Jumaat, 3 Januari 2014

The Star Online: Lifestyle: Health

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The Star Online: Lifestyle: Health

Eating slower may help trim your waistline

Posted: 03 Jan 2014 03:10 AM PST

A new US study finds that eating slower may help you cut calories and feel fuller longer.

ONE way to eat less is to simply slow down, a new US study suggests. Eating your meals more slowly may help you consume fewer calories while also feeling fuller longer afterwards.

Published online Jan 2 in the Journal Of The Academy Of Nutrition And Dietetics, the research looked at two groups of 30 people – one group of people were at a normal weight while the second group were overweight or obese.

In the study, both groups were given the same meal and told to eat it as if they had plenty of time, taking small bites and chewing well. On a separate occasion, they were given the same meal but told to eat it as if they were short on time, to take larger bites and swallow quickly. At both occasions, participants were told to eat as much of the given meal as they wanted.

The Texas Christian University researchers found that both groups ate less food and fewer calories when they slowed down, although the normal weight group ate fewer calories, around 88 fewer calories compared to 57 fewer calories for the overweight group. Both groups also reported feeling fuller for longer after eating slowly and were less tempted to snack an hour after eating.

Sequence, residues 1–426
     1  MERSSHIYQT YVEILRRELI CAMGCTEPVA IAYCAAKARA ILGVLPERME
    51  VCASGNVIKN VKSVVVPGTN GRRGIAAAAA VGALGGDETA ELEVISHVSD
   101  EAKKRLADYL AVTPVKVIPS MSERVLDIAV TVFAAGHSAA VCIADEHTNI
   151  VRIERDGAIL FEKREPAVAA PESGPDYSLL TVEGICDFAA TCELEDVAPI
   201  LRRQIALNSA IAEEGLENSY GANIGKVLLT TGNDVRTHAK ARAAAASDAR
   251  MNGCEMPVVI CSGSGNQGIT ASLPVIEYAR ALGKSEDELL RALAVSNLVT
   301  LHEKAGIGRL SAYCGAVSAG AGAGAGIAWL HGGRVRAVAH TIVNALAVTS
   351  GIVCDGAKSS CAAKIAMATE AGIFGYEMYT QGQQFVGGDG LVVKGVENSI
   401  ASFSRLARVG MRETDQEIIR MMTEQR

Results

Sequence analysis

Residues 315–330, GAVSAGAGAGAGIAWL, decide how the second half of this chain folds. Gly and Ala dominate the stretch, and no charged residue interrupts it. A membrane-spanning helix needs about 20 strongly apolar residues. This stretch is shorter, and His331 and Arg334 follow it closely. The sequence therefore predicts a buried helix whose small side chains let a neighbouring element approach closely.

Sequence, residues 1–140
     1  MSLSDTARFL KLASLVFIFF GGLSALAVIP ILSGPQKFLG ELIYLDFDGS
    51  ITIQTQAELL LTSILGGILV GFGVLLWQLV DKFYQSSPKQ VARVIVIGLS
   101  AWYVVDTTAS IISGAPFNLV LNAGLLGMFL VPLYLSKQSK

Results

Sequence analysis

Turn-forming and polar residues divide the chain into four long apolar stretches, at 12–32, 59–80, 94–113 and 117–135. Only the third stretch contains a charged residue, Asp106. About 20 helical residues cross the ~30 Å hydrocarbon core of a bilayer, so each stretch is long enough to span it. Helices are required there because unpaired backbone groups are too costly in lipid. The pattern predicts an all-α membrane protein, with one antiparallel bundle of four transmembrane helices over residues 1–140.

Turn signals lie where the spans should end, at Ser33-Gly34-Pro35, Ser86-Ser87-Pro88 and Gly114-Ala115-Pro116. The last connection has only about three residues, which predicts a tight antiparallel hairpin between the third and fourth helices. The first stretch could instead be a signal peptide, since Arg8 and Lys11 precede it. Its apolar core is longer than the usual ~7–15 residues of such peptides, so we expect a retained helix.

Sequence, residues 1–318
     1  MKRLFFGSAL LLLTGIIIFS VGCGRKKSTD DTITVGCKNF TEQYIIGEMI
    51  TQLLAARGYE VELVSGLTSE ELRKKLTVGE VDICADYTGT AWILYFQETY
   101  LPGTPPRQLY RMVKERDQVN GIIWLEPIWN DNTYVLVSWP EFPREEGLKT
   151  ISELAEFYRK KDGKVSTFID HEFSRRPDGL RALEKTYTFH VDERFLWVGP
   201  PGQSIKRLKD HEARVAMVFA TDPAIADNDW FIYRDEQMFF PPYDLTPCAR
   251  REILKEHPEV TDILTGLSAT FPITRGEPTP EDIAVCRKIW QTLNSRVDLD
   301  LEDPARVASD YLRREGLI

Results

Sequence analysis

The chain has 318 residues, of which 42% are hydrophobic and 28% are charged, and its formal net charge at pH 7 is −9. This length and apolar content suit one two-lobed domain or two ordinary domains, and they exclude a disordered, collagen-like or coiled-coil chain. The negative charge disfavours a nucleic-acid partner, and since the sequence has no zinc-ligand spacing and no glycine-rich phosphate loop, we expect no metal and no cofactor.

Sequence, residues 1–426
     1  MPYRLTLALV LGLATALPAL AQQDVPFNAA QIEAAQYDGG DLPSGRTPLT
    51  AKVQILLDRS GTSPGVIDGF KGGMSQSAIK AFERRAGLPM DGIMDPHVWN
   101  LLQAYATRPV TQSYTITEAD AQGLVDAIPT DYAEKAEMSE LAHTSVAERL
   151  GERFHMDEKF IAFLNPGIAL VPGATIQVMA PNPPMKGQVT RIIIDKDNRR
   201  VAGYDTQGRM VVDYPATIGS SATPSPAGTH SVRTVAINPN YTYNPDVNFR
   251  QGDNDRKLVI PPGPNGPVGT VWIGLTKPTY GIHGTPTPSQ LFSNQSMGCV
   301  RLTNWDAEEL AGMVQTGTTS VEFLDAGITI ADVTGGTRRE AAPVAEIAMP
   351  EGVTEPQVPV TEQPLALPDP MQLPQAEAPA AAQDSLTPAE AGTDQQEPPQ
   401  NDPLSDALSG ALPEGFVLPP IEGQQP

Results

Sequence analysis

While the study was small, WebMD reports that "there are some useful messages here for anyone struggling to keep to a healthy weight." They add: "It can be hard to find time to eat properly during a busy day, but snatching a sandwich and eating it quickly at your desk may not be the best way to keep your weight under control." – AFP Relaxnews

Study links marriage with weight gain

Posted: 02 Jan 2014 05:45 PM PST

Some put on almost 3kg a year.

SAYING "I do" could have an impact on your waistline, according to a survey conducted in Britain by Forza Supplements and reported by the Daily Mail.

Of the 1,000 people polled for the study, a majority admitted to growing heavier since tying the knot. For 40% of respondents, weight gain occurred at a rate of 1.8kg per year on average.

While 22% of those surveyed reported gaining 0.9kg annually since entering marriage, nearly as many respondents said they gained almost 3kg per year.

Somewhat reassuringly, almost a fifth of those surveyed (18%) indicated that they had not seen a change on the scales.

When asked to explain the reasons behind their sudden weight gain, over 50% of respondents who had become heavier since their wedding day confessed that they spent more time snacking together in front of the TV. A majority of respondents also indicated feeling less pressure to maintain a slim figure once they had settled into the commitment of marriage. – AFP Relaxnews

Kredit: www.thestar.com.my

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